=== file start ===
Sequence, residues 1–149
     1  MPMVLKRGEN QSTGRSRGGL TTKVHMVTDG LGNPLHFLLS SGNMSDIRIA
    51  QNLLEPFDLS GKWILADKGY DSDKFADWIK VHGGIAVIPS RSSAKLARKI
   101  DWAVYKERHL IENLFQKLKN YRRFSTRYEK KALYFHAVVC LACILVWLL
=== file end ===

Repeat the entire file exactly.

Sequence, residues 1–149
     1  MPMVLKRGEN QSTGRSRGGL TTKVHMVTDG LGNPLHFLLS SGNMSDIRIA
    51  QNLLEPFDLS GKWILADKGY DSDKFADWIK VHGGIAVIPS RSSAKLARKI
   101  DWAVYKERHL IENLFQKLKN YRRFSTRYEK KALYFHAVVC LACILVWLL